Keysigning 2008

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Kultiges Zusammensitzen und gemeinsames Murmeln magischer Zahlen.
-- Gert Döring, FdI 95

What, where & when?

At LinuxTag in Berlin there will be an OpenPGP (pgp/gpg) keysigning party.
The party will be on Friday, May 30th, at 14:00 (sharp), Workshop-Room 1.
The event organizer is Karlheinz Geyer.


Why keysigning?

Please read Chapter 2: "Why should I hold a Keysigning Party?" of the GnuPG Keysigning Party HOWTO.


The party will be conducted using Len Sassaman's Efficient Group Key Signing Method:

  • If you intend to participate please send your key to our keyserver:
 user@computer > gpg --keyserver hkp:// --send-key KEYID
until Sunday, May 25th 2008 21.30 GMT Thank you for your key submissions. No more uploads possible!.
If your entry is not listed at 30 minutes after submission, please send me an email.
  • By Tuesday, May 27th 2008, you can fetch the complete keyring with all the keys submitted and a text file ksp-lt2k8.txt containing the fingerprint of each key on the ring. For downloading the files later, please visit our keyserver at
  • At home, verify that the fingerprint of your key in ksp-lt2k8.txt is correct. Also compute the MD5 and SHA1 hashes of ksp-lt2k8.txt. One way to do this is:
user@computer > md5sum ksp-lt2k8.txt
user@computer > sha1sum ksp-lt2k8.txt
user@computer > gpg --print-md md5 ksp-lt2k8.txt
user@computer > gpg --print-md sha1 ksp-lt2k8.txt
  • Use a pen and write the calculated hashes into the corresponding fields in ksp-lt2k8.txt. You'll find the fields in the top section of the list.
  • Bring a completed hardcopy of ksp-lt2k8.txt with you to LinuxTag.
  • We will recite both the MD5 and SHA1 hashes from ksp-lt2k8.txt. Verify that the recited hash matches what you computed. This guarantees that all participants possess the same list of keys.
  • In turn, each participant will stand and acknowledge that the fingerprint of his/her key listed is correct. Mark the key as verified on your hardcopy. Since we already ensured everyone has the same copy a simple statement like "Yes, this is correct" should be sufficient.
  • The next step is to verify each participant's identity by checking his/her passport or similar identification.
  • When you get home, sign the keys which you were able to check during the party. After you sign a key, send it to its owner together with your signature. You can use caff to automate this if you wish.

Fair play, please! A keysigning party is good for meeting others, sharing interests, and having fun; but the major goal behind the event is to strengthen the "WEB-OF-TRUST" (WoT).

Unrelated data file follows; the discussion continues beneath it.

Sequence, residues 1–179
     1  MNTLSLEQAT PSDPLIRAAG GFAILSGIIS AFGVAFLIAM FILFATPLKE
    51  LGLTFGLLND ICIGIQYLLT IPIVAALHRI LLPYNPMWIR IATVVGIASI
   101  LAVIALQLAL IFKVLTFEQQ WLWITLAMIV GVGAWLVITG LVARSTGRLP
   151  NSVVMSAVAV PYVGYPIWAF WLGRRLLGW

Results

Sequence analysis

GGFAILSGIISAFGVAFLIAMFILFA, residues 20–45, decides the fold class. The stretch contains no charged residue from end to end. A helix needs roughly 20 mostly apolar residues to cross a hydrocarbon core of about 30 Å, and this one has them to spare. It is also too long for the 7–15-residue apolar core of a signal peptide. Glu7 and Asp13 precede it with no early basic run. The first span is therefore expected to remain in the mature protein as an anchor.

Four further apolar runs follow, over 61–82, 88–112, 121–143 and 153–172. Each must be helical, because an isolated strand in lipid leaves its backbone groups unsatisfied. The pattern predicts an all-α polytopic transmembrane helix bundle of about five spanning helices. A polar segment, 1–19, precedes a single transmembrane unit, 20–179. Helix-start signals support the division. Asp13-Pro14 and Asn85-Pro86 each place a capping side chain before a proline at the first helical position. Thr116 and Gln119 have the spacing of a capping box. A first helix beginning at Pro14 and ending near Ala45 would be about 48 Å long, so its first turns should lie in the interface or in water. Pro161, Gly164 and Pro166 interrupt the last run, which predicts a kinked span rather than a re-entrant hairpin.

That's why we ask that you finish your signing-work no later than Monday, September 1st 2008.


Prior to the keysigning party, you should have already downloaded the following files from

List of participants
Keyring (compressed using bzip2)
Graphfile (optional)


This is what you have to bring with you:

  • A printout of ksp-lt2k8.txt incl. filled-in MD5 and SHA1 hashes, check that your fingerprint is correct!
  • Some sort of valid(!) government-issued ID-Card (passport or similar).
  • Think about creating a nametag or printing a piece of paper (DIN-A4, landscape) with your listnumber (from ksp-lt2k8.txt) on it. This will save time lining up by allowing you to find your place in line easier.

If you have questions, please do not hesitate to drop me a line: Karlheinz Geyer "streng"

Additional Information


The only keyservers you should use are either or, if you insist. Any of the keyservers in these clusters are fine.

Please do not use other keyservers, like or They all mangle keys in various ways including, but not limited to: dropping subkeys, moving binding sigs around between subkeys, duplicating user ids, modifying signature subpackets (dropping non-hashed data), calculating KeyIDs wrong (for v4 RSA keys), rejecting keys with attribute UIDs (such as photo ids), or they don't sync with the rest of the network.

Therefore please use It's a good idea to upload your key(s) to this keyserver prior to the keysigningparty, use this to do so:

user@computer > gpg --keyserver --send-key KEYID


CA Fire and Forget is a script that helps you with keysigning. It takes a list of keyids on the command line, fetches them from a keyserver and calls GnuPG so that you can sign it. It then mails each key to all its email addresses - only including the one UID that we send to in each mail, pruned from all but self sigs and sigs done by you.

Download: caff (Rev. 365 2008-03-05). Homepage:

If you have Debian you can also install the signing-party package. FreeBSD users can install the signing-party port. For NetBSD users, caff has its own port.
Caff dependencies: gnupg (>= 1.3.92), perl, libgnupg-interface-perl, libmime-perl, libmailtools-perl (>= 1.62)


Uli Martens wrote a small perl script that, given a key ID and ksp-lt2k8.txt, tells you which keys (UIDs) you already signed by annotating the UID with (S).

153  [ ] Fingerprint OK        [ ] ID OK
(S)  pub  1024D/52698E9F 2001-11-07 Uli Martens <>
     Key fingerprint = A48F 8894 37A0 FDE9 60D5  212A 2A58 CEAA 5269 8E9F
(S)  uid     Uli Martens <>
( )  uid     Uli Martens <>
(S)  uid     Uli Martens <>

Download: gpgsigs (Rev. 373 2008-03-16). Homepage:

It requires perl, gnupg (>=1.2.x) and either Locale::Recode (in Debian Package libintl-perl, in testing and unstable) or recode (Debian Package recode).

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